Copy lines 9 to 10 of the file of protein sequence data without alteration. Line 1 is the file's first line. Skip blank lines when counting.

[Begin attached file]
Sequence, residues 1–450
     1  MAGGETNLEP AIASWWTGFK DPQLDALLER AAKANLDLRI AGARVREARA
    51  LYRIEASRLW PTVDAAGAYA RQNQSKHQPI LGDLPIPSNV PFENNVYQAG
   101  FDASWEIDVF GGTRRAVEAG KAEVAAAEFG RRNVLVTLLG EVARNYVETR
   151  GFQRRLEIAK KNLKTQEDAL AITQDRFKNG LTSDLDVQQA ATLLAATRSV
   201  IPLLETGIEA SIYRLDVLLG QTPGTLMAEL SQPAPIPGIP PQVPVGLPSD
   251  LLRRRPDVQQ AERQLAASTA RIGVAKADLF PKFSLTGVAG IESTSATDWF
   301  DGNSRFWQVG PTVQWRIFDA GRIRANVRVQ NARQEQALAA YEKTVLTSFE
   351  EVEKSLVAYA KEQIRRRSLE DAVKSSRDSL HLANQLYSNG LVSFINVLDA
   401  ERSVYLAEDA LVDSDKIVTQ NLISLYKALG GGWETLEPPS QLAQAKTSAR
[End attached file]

   351  EVEKSLVAYA KEQIRRRSLE DAVKSSRDSL HLANQLYSNG LVSFINVLDA
   401  ERSVYLAEDA LVDSDKIVTQ NLISLYKALG GGWETLEPPS QLAQAKTSAR